- During the presentations, makes notes on the presentation and the questions or comments from the other students.
- Give praise to the presenter regardless of the outcome of the presentation.
- If enough results were presented, give the next set of notes, and discuss the new ideas, definitions or axioms.
- Give some in class time for collaboration.

I almost never lecture: why?

- Students become responsible for the creation of the content of the course.
- Students are actively engaged in search for mathematical truths.
- The search is done as a community.
- They have no model to emulate: instead, the students create.
- Creating math is hard. It is frustrating. When the obstacles are overcome, it is so rewarding.

Students are not given examples to emulate

Students present their own solutions:

- the learning is constructed.
- the learning is owned.
- Mathematics is the contemplation, discovery and sharing of mathematical ideas: my students become mathematicians.
- My class goes from being informative to transformative.

The exams don\'t really matter

- Exams tend to measure imitation of in class examples.
- They completely fail to measure any of the departmental learning outcomes.
- I can evaluate each one of my students during each class session.
- I can keep a journal of in class activities to reflect on individual student progress.

Does this actually work?

- Upper level courses
- Lower level courses

What happened in my Calculus 2

- The class had 1 math major, 7 science majors and 7 high-schoolers.
- I covered the same amount of content I usually do.
- All the students presented their own solutions.
- I lectured about 5 times all semester (we meet every day) for about 20 min each time.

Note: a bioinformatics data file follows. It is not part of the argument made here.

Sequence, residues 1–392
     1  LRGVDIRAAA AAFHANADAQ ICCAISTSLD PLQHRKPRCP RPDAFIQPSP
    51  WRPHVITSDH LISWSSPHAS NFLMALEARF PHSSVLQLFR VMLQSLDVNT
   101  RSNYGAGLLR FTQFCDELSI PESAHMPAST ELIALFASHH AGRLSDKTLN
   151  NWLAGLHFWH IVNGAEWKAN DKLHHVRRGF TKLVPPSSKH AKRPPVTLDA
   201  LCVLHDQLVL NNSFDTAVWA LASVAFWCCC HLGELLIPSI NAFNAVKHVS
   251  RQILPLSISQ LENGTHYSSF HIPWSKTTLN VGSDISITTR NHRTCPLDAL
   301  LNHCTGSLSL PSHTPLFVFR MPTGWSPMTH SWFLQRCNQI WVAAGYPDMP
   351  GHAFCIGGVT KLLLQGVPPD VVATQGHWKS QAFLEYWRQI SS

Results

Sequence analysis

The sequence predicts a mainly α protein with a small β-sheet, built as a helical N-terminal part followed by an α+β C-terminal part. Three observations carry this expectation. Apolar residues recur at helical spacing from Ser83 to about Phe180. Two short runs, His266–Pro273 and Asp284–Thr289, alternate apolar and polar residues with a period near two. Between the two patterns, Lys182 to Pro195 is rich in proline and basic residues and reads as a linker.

- Every week the students surprised me with their insight, creativity, and enthusiasm for the class.
- I had never had as much fun teaching Calculus as this past semester.

Were the goals achieved?

- One starts from a position of contemplation.

Problems are given to students with no hints or examples.

- The focus of the contemplation leads towards truth.

I give the sequencing, the students are responsible for finding the mathematics.

- The search for truth is done as a community.

Cooperation, discussion, shared frustrations all build our classroom community

- The fruit of the contemplation is shared.

The student presentations drive the class. Each student presents dozens of problems through the course of the semester.

Were the goals achieved?

- Students will read and understand mathematics, differentiating between correct and incorrect mathematical reasoning.
- Students will effectively communicate mathematics to others, both in writing and speaking.
- Students will demonstrate abilities to work independently and in-groups to develop mathematical models using appropriate technologies.
- Students will demonstrate a mathematical maturity leading to independent investigations, increased responsibility for learning, and participation in the professional mathematics community.